In finding data to hold your government to account, you may not be able to find official data on what you want. If you believe it is feasible, you may want to collect primary data. Primary data is a great accountability tool because you’ll have first hand statistics and it allows you as investigators or researchers to have the freedom to tailor the data collection.

Questionnaires:

A very simple form of primary data collection are questionnaires, which are useful for attaining data from a large amount of people. They allow you to collect both qualitative and quantitative data from open and closed questions. We as, Accountability Advocates, used a questionnaire with an online ‘Google survey’ to gather data on the perceptions young people have about their Sexual and Relationships Education (SRE). The findings for the survey would assist us in holding the UK government to account for their commitment to Goal 3 (Health) and Goal 5 (Gender Equality) of the SDGs, specifically focusing on the indicator about sexual health. A Google survey is simply an online survey software linked to Google which allows anyone to create and publish online surveys in minutes. We were very impressed by how hassle-free it was to navigate around the website. Our survey was then posted on Facebook and Twitter for it to reach out to a wide range of people and the link could easily be accessed on both computers and mobile devices. The response we received from this survey was incredible since it was only live for 2 weeks. Altogether we received 303 responses and found out that most people were dissatisfied with the SRE they received in school. Much like with our survey, questionnaires are easy to publicise on social media.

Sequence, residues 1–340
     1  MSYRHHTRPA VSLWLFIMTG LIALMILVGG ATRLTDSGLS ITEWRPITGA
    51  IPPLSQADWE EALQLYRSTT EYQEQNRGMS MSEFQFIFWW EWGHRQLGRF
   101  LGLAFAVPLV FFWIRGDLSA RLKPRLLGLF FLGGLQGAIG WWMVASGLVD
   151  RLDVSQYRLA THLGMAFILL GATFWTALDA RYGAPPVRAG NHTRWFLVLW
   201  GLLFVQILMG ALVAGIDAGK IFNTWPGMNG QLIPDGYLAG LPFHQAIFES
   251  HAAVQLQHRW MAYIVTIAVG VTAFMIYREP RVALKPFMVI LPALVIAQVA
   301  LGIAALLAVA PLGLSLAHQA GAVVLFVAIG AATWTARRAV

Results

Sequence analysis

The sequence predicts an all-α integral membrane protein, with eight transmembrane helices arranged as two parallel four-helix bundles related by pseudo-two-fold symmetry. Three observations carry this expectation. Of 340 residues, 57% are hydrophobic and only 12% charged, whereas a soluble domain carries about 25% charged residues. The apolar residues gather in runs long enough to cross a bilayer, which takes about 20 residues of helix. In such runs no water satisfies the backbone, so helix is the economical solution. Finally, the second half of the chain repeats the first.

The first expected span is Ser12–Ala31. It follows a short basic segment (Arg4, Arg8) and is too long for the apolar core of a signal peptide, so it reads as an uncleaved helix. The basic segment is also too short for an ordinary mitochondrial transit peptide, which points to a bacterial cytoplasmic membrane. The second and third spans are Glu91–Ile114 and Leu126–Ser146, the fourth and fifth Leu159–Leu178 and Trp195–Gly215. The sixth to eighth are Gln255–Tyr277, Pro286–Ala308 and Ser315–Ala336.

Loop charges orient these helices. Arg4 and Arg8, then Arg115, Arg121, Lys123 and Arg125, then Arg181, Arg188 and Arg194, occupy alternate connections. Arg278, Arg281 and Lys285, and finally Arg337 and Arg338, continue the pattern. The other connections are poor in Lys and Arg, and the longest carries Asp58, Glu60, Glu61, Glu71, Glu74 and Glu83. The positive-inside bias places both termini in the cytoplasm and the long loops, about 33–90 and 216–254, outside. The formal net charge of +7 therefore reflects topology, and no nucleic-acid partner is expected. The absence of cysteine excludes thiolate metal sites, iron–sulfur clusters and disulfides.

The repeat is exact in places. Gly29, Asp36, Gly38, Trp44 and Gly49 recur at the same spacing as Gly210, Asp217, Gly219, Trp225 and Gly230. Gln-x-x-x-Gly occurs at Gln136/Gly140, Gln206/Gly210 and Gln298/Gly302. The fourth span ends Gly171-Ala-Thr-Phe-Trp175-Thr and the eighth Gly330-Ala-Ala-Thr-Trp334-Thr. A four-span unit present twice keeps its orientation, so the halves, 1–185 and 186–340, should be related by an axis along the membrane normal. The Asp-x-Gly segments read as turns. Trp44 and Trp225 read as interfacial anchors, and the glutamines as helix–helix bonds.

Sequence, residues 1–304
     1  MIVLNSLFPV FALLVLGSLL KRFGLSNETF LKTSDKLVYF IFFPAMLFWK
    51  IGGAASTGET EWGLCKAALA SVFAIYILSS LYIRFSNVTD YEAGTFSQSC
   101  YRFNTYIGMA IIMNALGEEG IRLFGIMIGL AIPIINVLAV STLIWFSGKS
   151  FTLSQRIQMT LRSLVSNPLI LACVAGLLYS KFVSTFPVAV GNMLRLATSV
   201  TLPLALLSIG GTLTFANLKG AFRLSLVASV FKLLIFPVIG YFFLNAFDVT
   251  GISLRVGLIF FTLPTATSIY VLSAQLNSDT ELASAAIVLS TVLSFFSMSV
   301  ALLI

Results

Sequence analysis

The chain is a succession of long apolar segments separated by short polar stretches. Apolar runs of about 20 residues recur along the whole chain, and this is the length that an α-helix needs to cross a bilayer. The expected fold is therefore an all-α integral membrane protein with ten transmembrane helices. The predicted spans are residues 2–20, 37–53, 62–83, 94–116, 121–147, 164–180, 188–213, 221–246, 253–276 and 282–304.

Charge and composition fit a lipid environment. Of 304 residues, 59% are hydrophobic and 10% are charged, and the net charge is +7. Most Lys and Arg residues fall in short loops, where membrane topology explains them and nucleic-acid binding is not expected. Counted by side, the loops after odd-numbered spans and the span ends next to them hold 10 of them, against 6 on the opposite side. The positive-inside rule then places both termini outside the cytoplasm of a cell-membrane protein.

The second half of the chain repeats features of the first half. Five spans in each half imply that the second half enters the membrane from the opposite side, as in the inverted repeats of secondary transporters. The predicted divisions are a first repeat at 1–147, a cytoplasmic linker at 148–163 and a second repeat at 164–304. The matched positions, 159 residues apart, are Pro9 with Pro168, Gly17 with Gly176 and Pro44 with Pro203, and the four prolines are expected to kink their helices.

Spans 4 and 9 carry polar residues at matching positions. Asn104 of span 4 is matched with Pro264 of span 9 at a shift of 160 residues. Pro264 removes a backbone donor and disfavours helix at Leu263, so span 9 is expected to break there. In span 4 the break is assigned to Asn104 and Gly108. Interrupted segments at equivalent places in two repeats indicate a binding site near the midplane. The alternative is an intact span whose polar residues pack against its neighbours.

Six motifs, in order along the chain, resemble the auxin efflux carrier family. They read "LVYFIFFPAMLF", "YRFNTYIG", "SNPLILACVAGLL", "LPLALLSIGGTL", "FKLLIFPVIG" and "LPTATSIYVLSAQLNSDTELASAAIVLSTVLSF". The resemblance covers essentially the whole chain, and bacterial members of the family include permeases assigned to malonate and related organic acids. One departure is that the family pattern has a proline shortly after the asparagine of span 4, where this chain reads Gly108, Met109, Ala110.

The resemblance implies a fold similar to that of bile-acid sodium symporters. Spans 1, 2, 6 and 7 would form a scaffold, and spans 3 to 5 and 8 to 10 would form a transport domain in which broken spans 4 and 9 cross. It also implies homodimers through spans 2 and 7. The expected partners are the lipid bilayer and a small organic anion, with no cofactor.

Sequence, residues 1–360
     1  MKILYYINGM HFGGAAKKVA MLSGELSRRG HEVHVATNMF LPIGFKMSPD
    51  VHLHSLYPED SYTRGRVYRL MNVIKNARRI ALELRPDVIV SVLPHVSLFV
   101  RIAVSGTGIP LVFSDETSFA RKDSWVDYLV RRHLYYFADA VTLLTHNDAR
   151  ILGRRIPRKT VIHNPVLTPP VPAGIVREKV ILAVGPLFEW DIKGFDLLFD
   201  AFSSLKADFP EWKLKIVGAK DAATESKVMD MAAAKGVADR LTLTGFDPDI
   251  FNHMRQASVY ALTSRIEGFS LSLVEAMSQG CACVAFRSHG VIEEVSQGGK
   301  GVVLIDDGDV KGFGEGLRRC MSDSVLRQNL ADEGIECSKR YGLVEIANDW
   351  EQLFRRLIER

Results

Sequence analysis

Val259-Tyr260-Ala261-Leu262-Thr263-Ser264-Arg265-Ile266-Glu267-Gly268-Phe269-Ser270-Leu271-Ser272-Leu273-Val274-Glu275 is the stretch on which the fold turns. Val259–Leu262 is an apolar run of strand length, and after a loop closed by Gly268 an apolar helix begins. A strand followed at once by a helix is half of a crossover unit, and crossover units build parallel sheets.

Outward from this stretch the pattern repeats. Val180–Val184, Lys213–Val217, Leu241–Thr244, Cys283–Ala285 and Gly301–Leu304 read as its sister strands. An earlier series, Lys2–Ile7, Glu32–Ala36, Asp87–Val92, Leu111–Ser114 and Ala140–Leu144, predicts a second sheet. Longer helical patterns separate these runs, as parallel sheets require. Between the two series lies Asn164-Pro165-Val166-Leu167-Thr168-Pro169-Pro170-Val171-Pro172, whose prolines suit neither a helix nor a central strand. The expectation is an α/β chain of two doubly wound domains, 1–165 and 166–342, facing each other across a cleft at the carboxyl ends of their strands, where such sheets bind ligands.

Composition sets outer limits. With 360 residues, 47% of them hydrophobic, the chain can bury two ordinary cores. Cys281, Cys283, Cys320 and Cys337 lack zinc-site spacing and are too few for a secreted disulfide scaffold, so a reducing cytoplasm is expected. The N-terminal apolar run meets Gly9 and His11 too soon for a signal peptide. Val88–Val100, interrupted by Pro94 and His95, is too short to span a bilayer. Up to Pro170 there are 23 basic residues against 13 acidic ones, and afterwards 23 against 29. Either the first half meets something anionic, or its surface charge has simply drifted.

The detailed results of the survey can be found here: SRE Survey Results Report

Interviews:

A way of attaining in-depth qualitative data and expanding upon the data gained from questionnaires would be to interview willing participants. Interviews can be conducted in three main forms: structured, semi-structured and unstructured.

  • Structured interviews are straightforward and allow less room for the participant to go into depth, as they are mainly used to clarify points but can easily be administered.
  • Semi-structured interviews allow more room for detailed answers and the participant can expand upon their opinions and thoughts with some guidance from the interviewer.
  • Whilst unstructured interviews are performed with little or no organisation and the interview is steered completely by the participant according to what they want to discuss in relation to a topic. Unstructured interviews can be quite time-consuming and harder to analyse.

 

If you have any questions, contributions, or would like our advice, do feel free to contact us – we are happy to help others in their accountability actions!